Top tips for attracting and retaining great staff

As an employer, you know that it takes time to build a team that works well together and takes your business to new heights. And, if your business is used to success, you’ll know how important it is that your team stays together.

Attracting and retaining great employees is the aim of all employers. But how do you go about these processes, and are there ways you can stand out from the competition?

The recruitment process

When thinking of taking on new employees, assess your recruitment options for selecting and hiring staff. Decide which is best, to select people from within or outside the business. When doing so, consider the following.

External recruitment

  • A non-selective external recruitment process is often undertaken when looking to hire low-skilled employees at low wage levels. In this case, recruitment is carried out in a casual manner.
  • Selective recruitment is undertaken where there’s a demand for skilled and motivated employees. These are usually employees who can step into their role with little need for training.

Internal recruitment

  • Internal recruitment provides an excellent opportunity for you to emphasise ongoing personal development and the progression of employees. Employees tend to be happier and more diligent when they can identify potential career progression.
  • Employers who prioritise internal training tend to be more focused on employee development. Emphasis is placed on viewing employees as a long-term business asset.

How to attract new staff

The way we work has changed drastically in recent times and affected both employers and employees. To continue operating, many businesses adapted and established hybrid and remote working arrangements. The incoming employee right to request remote working also looks set to have a far-reaching impact.

If you grant an employee permission to work remotely, you’ll need to assess the HR and health & safety risks. That’s because it’s your responsibility to ensure your employees have a safe place to work, even if it’s a home office.

The upside to all of this is that these options will appeal to job seekers. Having a better work-life balance makes employees happier as they have more time to enjoy their personal lives.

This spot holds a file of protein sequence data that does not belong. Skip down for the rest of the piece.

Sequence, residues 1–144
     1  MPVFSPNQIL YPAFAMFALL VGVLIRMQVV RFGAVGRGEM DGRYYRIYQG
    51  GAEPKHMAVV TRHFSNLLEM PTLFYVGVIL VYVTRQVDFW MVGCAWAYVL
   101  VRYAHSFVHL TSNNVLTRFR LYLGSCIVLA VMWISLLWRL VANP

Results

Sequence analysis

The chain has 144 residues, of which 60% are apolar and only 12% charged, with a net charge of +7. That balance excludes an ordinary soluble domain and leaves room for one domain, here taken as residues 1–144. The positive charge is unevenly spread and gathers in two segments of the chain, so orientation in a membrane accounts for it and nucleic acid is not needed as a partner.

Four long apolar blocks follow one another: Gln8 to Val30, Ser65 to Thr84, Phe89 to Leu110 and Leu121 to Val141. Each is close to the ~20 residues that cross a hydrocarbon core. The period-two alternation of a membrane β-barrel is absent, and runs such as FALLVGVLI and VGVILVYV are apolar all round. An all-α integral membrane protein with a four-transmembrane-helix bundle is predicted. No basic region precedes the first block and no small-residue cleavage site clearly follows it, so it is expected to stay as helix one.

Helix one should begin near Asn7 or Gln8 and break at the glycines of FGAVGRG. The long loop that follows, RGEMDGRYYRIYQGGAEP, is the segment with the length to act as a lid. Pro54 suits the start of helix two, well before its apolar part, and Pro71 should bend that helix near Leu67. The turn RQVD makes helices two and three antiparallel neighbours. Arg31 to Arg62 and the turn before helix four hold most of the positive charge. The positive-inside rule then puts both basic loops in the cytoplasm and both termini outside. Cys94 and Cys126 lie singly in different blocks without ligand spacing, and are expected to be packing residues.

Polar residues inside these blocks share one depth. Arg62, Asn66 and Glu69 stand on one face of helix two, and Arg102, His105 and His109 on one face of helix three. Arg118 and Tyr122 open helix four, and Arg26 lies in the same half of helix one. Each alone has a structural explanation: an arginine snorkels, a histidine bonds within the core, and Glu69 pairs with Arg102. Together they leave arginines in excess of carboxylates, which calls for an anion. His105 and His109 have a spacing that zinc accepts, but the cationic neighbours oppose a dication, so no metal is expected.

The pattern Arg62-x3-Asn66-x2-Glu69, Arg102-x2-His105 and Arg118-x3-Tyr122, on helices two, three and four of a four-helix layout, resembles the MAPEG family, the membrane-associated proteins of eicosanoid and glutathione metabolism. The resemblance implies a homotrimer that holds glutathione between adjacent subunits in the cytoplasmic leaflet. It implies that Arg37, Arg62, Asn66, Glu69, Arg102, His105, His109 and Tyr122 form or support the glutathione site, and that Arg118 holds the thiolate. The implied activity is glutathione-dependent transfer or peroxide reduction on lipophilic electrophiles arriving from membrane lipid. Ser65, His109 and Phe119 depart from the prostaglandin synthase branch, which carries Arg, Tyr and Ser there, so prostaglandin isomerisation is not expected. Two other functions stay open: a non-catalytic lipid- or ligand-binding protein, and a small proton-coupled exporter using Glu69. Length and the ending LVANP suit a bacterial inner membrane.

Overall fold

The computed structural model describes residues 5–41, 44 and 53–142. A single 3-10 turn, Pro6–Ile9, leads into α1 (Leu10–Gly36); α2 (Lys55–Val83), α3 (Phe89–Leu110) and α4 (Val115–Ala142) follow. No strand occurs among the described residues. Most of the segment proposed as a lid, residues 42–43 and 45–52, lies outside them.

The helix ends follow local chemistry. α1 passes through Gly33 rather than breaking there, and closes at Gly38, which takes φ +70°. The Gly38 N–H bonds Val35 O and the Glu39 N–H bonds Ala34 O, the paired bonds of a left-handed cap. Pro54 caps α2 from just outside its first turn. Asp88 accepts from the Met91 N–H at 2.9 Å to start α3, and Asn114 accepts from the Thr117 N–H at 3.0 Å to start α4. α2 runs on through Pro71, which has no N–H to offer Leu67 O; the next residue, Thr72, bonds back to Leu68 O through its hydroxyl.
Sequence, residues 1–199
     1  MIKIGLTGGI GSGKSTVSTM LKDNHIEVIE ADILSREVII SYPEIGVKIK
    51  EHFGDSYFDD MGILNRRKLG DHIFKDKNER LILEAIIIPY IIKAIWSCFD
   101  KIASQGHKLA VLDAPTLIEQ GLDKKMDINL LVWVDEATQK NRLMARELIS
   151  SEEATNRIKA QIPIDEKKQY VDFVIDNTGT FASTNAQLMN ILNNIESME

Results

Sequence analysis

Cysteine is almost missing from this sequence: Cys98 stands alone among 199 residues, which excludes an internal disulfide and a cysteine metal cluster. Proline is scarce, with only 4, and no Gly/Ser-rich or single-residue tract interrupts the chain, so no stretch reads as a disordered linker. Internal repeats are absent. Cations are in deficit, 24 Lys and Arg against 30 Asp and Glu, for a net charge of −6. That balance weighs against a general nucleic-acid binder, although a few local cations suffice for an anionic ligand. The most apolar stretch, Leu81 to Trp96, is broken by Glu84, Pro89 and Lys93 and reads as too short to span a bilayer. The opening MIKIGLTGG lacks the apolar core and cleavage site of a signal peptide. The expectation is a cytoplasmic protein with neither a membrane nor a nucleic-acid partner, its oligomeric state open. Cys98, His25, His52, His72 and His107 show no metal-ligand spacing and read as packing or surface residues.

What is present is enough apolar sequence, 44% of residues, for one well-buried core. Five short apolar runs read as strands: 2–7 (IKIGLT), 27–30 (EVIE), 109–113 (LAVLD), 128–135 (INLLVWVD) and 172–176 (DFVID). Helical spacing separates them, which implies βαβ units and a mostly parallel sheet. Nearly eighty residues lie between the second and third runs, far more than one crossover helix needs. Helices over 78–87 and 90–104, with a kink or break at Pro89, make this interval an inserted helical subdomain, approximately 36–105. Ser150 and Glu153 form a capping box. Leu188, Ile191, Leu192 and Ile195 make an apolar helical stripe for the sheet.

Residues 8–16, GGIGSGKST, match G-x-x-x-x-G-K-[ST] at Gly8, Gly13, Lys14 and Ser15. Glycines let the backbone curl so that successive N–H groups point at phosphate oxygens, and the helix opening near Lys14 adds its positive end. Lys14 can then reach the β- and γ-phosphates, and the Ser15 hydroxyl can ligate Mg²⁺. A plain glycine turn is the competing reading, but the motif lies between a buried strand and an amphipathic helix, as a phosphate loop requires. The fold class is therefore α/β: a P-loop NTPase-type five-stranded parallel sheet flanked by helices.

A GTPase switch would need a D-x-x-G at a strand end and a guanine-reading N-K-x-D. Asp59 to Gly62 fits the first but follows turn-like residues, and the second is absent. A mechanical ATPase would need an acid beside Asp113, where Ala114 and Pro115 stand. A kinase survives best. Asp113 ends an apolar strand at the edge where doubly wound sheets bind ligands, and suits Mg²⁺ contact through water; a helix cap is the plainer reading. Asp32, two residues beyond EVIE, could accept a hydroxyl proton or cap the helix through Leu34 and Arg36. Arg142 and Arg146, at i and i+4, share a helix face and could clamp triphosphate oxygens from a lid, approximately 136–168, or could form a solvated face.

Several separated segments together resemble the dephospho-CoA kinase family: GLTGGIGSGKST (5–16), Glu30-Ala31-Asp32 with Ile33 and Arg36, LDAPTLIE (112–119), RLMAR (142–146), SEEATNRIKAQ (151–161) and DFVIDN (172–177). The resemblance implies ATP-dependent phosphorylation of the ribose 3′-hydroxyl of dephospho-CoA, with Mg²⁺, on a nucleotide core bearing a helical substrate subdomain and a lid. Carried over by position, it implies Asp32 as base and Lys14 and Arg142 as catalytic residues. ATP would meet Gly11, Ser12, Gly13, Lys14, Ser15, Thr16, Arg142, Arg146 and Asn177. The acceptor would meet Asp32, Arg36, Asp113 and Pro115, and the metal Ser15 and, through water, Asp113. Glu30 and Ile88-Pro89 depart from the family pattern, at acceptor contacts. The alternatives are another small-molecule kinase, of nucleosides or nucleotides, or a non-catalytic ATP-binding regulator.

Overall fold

Article: How to introduce flexible working arrangements

How to retain staff and deter resignations

Should an employee come to you and say they intend to resign for reasons such as lack of progression or training, you can help.

Here are four ways to deter resignations and retain great staff:

  • Career conversations: Talk to employees about their career aspirations. See how they align with your business and what you can do for them. Plotting a clear path can convince an employee that your business is the best place for them to flourish.
  • Create development opportunities: Training, educational courses, and freedom to move within the business can all improve how an employee feels about their role.
  • Let employees lead themselves: Employees much prefer to have their say in their work and how they complete it. This method is proven to improve job satisfaction.
  • Introduce wellbeing initiatives: You may already have wellbeing practises in place but if not, consider doing so. An Employee Assistance Programme (EAP) is a great place to start.

There’s no need to overcomplicate how you go about improving employee job satisfaction. Being smart, and involving your employees from the outset, will reaffirm your dedication to them and offset the chances of employees resigning.

Our HR consultants can help with attracting and retaining staff

For expert advice on attracting and retaining top talent, contact one of our HR consultants today on 01 886 0350 or request a callback here.

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Nora Cashe

Peninsula

Nóra studied Law in Griffith College Dublin and qualified as a Barrister in 2008, practising in the area of Criminal law. She is also member of the Irish Employment Law Association.

Nora has extensive experience representing clients at Employment Tribunal hearings, Conciliation / Mediation meetings before both the Workplace Relations Commission and the Labour Court. 

Nóra is a member of the Irish Employment Law Association and engages with the WRC Adjudication Service as part of their stakeholder engagement forum.

Deiric McCann

Genos International Europe

Deiric McCann leads Genos International Europe – The EU division of a world-leading provider of emotional intelligence solutions. 

With over two decades experience at the highest levels of management, Deiric supports clients to develop the resilience, emotional intelligence, psychological safety and engagements of their employees.

Rhiannon Coyne

Graphite HRM

Rhiannon Coyne is a Senior HR Consultant at Graphite HRM and will be providing an overview of best practice on how to deal with complaints of bullying and harassment in the workplace. 

With a number of recent updates to employment laws, Rhiannon will take a closer look at employment equality and how it is interlinked to Health & Safety and what employers can learn from recent case laws.

David Begg

Workplace Relations Commission

David Begg was appointed Chairperson of the Workplace Relations Commission (WRC) in January 2021.

David is also a professor at Maynooth University Institute of Social Sciences. Mr Begg’s extensive history in the trade union movement included leading the ESB Officers Association and Irish Congress of Trade Unions, stepping away from the latter in 2001 to chair international aid agency Concern.

David Begg was also previously a director of the Central Bank of Ireland between 1995 and 2010.